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Oh Taste How Sweet and Tart the Red Juice Is

On my usual way to lunch to pick up a sandwich at Subway across from the Central Library, I made my way down Canton Street, past the Dog Park at Cesar Chavez Boulevard, around the curve to the intersection at Harwood Street when I saw him. He was a large man with full long greasy hair to his shoulders. I often see him in the area. The First Presbyterian Church's soup kitchen is near that intersection and many days he is sitting or standing along the outside wall. He is always dressed in bulky jeans and a heavy coat and he's always carrying in both hands old plastic sacks full of unidentifiable things. Food perhaps. Or items of clothing. Or maybe just stuff he has found along his daily sidewalk journeys down the lonely streets of the urban city.

At the corner of Harwood and Canton (which becomes Young Street) is a small flower garden and fountain just outside the side entrance of the old large First Presbyterian Church. That's where I saw him. Several cars were in front of me so I moved slowly past him. And there with those grimy sacks in his hands he stood just looking at the lovely fresh flowers. I remember hearing myself say out loud, “Hmmmm,” as I drove by him. It was a scene full of insight.

I wonder if the people who tend that little flower garden know what they have done for that man. He’s a man seemingly broken, lost in the shadows of large anonymous buildings, always ambling head down along the same concrete pathways. But this day he stopped in the maze of the city streets to see something I fear is missing in his life, something I suspect he longs for—and that is beauty.

The flowers, gorgeous lilies on tall bending stalks, looked up at him in their peach shades of spring colors. He seemed frozen in wonder just staring. I wanted to stop and stare, too.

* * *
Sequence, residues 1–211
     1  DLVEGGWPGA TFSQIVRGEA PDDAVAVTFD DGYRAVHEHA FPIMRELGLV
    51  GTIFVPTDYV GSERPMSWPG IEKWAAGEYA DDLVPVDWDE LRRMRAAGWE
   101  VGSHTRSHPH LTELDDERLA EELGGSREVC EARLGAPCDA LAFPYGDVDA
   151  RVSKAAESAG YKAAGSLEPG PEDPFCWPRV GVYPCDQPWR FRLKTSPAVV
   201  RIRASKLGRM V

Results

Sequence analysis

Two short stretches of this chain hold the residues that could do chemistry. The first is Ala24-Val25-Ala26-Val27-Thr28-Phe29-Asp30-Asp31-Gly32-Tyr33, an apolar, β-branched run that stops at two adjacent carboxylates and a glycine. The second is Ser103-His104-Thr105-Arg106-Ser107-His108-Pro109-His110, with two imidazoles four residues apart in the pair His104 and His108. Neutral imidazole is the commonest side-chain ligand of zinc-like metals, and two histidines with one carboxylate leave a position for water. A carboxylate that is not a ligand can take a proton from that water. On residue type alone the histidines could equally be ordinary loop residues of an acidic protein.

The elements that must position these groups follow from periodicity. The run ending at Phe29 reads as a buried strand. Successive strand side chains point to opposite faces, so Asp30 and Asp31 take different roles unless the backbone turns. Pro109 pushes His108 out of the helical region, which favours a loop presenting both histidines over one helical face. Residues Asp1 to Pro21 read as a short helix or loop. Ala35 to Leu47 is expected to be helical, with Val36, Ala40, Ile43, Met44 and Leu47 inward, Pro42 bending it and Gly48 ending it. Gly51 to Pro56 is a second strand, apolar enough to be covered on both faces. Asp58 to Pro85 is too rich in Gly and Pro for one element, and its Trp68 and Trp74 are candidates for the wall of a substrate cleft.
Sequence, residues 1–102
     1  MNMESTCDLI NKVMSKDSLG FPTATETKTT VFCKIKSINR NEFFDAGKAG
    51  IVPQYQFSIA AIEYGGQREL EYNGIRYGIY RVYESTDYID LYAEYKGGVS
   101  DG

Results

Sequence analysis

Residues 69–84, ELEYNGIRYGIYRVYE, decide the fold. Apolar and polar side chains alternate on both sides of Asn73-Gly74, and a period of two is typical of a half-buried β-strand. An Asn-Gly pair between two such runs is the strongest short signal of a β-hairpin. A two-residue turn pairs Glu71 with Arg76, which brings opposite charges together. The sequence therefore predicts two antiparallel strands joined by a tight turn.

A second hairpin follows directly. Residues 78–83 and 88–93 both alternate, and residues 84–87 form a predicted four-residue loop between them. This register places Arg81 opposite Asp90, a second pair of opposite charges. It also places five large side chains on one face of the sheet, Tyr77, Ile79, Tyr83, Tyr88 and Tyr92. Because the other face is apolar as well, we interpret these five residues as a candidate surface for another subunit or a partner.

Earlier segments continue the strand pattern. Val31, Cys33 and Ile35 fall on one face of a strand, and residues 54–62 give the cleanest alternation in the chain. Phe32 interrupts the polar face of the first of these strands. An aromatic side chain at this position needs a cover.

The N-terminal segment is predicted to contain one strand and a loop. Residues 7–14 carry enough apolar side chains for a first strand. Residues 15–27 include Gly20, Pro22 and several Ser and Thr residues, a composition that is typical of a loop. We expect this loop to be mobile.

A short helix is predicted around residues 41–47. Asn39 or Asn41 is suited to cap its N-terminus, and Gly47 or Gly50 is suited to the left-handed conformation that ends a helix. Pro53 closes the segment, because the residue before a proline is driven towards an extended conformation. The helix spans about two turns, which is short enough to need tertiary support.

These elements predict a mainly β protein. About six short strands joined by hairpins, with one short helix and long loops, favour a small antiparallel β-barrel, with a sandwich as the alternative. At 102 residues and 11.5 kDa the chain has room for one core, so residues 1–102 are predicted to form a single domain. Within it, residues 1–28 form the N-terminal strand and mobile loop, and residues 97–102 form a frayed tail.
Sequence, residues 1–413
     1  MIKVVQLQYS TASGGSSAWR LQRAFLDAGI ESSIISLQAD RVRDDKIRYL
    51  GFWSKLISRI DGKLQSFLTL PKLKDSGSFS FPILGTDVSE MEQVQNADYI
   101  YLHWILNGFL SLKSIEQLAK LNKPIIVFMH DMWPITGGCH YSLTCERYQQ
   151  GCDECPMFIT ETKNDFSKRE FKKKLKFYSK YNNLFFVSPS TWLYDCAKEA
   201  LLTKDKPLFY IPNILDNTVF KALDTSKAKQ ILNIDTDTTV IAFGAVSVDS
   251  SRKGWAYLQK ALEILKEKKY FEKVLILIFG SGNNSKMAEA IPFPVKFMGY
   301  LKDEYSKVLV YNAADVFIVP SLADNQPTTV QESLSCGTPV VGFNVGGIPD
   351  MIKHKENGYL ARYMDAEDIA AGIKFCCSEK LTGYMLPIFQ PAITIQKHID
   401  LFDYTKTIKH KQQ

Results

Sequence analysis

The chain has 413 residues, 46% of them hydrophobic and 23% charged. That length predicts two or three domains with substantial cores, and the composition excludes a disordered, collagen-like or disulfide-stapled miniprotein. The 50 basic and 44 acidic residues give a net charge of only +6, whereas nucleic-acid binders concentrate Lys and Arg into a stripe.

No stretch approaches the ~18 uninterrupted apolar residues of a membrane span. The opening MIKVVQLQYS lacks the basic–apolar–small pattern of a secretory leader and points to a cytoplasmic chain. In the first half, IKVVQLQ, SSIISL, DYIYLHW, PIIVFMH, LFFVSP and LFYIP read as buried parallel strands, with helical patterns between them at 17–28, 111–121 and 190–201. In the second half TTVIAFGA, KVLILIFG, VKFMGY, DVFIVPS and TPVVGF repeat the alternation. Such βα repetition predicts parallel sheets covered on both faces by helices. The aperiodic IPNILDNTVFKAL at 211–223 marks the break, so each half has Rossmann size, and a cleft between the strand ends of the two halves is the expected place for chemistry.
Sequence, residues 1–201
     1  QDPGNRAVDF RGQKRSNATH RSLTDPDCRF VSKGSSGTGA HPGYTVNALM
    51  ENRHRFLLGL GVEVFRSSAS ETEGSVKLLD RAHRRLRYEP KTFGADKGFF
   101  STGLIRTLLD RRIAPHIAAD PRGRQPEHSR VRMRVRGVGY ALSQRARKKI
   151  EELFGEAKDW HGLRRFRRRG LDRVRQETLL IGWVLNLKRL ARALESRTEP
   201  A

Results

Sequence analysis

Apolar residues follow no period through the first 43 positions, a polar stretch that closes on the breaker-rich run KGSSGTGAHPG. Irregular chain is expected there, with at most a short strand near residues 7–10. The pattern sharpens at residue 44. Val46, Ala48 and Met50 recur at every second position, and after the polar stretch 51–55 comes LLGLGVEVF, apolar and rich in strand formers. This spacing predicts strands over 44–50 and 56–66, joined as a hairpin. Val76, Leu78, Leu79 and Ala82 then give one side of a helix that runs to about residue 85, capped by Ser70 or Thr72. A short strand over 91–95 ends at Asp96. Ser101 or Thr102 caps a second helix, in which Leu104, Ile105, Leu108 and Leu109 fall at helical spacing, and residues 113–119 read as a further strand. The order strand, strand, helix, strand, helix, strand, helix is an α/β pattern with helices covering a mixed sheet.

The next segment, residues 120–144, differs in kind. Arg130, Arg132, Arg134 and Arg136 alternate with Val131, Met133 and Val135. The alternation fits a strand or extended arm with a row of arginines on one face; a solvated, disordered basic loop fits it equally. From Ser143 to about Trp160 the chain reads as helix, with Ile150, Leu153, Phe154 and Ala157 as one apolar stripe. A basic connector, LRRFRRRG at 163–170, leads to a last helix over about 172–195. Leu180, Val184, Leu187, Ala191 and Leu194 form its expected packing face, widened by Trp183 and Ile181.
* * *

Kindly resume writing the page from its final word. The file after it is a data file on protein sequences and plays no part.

We all need beauty in our lives whatever our circumstances. How rich those moments are when we are captured by it.

Too often, though, I miss them. I bypass them on my way to more important but lesser things. Goethe, the German poet, was fond of saying that we are charmed by the heights but fail to climb them; with the mountain in view we only walk the plains.

Last week the world lost one of its greatest writers, Gabriel Garcia Márquez, “Gabo” to those who loved him. His books were filled with mystical images and spiritual truths. He wrote in defense of the impoverished and in defiance of the powerful. He was once quoted as saying, “There’s always something left to love.” His words, his stories guided us to the beautiful. We need that guidance so much today.

We are all poor, really. And we are all caught in our own personal crises. Not much different from the homeless man on the street staring at the flowers.

In a poem that expresses all of this so well, Ellen Bass writes,

There’s a Buddhist story of a woman chased by a tiger.
When she comes to a cliff, she sees a sturdy vine
and climbs half way down. But there’s also a tiger below.
And two mice—one white, one black—scurry out
and begin to gnaw at the vine. At this point
she notices a wild strawberry growing from a crevice.
She looks up, down, at the mice.
Then she eats the strawberry.
So here’s the view, the breeze, the pulse
in your throat. Your wallet will be stolen, you’ll get fat,
slip on the bathroom tiles of a foreign hotel
and crack your hip. You’ll be lonely.
Oh taste how sweet and tart
the red juice is, how the tiny seeds
Crunch between your teeth.

A man who carries his life around with him in worn plastic sacks stands for a moment in bliss. Beauty reaches forth to embrace him. And me. And for a wild moment it all makes sense.

© 2014 Timothy Moody

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